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People v. Phelps

January 23, 2004

[5] THE PEOPLE OF THE STATE OF ILLINOIS, APPELLANT AND CROSS-APPELLEE,
v.
KEVIN PHELPS, APPELLEE AND CROSS-APPELLANT.



[6] The opinion of the court was delivered by: Justice Thomas

[7]  Docket No. 93830-Agenda 1-November 2003.

[8]  Defendant, Kevin Phelps, was convicted by a jury of heinous battery (720 ILCS 5/12-4.1(a) (West 1996)) and aggravated kidnaping (720 ILCS 5/10-2(a)(3) (West 1996)). The circuit court of Cook County sentenced defendant to consecutive prison terms of 15 years for the aggravated kidnaping and 30 years for the heinous battery. The appellate court affirmed defendant's convictions but modified the sentences to run concurrently. 329 Ill. App. 3d 1. We allowed the State's petition for leave to appeal. 177 Ill. 2d R. 315(a).

[9]  BACKGROUND

[10]   P.H., a high school student, testified that, in late 1996, she befriended defendant, a paraplegic who she knew also as "Sniper." During the summer of 1997, P.H. visited defendant almost every other day at his townhouse on South St. Lawrence in Chicago. In August 1997, P.H. was grounded and told she could not see defendant anymore.

[11]   On September 4, 1997, as P.H. was leaving school, two men she had never seen before called out to her, using her nickname. One of the men said, "Folks said come get your stuff." P.H. knew that the man was referring to defendant, as she had left some things at defendant's house. She told the men that she would pick it up later and got on a bus to head home. When she exited the bus, the same two men drove up behind her. One of the men grabbed P.H.'s jacket and told her to get into the car. The two men drove her to defendant's house, escorted her inside, and then left her alone with defendant.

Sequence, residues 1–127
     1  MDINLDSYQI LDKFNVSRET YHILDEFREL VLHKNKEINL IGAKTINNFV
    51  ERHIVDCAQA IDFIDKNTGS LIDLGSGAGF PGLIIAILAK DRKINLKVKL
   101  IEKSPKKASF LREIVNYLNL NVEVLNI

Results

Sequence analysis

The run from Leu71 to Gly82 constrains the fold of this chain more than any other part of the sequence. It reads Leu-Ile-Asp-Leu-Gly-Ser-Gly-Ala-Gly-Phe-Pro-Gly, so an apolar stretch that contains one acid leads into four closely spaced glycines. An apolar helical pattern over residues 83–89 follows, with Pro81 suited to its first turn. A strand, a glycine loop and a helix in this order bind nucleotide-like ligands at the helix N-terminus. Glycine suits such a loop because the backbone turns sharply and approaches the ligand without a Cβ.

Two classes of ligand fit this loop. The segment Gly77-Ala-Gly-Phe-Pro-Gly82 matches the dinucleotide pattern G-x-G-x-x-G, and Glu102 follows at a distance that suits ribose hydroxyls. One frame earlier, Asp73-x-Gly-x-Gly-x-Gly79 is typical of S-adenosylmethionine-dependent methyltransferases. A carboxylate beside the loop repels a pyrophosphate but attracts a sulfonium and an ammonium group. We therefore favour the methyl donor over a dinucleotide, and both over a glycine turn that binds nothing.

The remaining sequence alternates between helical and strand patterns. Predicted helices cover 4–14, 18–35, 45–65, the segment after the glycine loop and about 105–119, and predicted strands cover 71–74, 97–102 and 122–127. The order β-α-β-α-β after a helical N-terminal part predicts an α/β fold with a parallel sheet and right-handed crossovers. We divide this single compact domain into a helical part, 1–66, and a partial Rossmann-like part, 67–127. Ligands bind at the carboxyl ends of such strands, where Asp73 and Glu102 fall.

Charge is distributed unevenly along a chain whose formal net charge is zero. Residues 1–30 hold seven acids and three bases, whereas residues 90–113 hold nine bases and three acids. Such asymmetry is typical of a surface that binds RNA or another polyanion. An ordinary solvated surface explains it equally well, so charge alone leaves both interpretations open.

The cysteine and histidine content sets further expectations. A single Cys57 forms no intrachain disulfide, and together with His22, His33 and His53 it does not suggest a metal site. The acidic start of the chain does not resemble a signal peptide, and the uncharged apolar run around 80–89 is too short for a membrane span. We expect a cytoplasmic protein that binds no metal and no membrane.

[12]   Defendant asked P.H. where she had been, what she had been doing, and whom she had been seeing for the past several weeks. Although she explained to defendant that her sister had grounded her, defendant continued to interrogate her for the next hour. During this time, defendant twice asked P.H. to get him a glass of water from the kitchen, and P.H. agreed. Defendant then told P.H. to take off her clothes. When she refused, defendant pulled out a gun, placed it his lap, and again asked P.H. to take off her clothes. This time she complied. Once P.H.'s clothes were off, defendant threw a cup of flammable liquid on her and set her on fire. P.H. ran to an upstairs bathroom, climbed into the tub, and extinguished the flames with water. Hoping to jump out the window, P.H. searched for some clothes. Unable to find any, she had no choice but to return to the room that defendant occupied.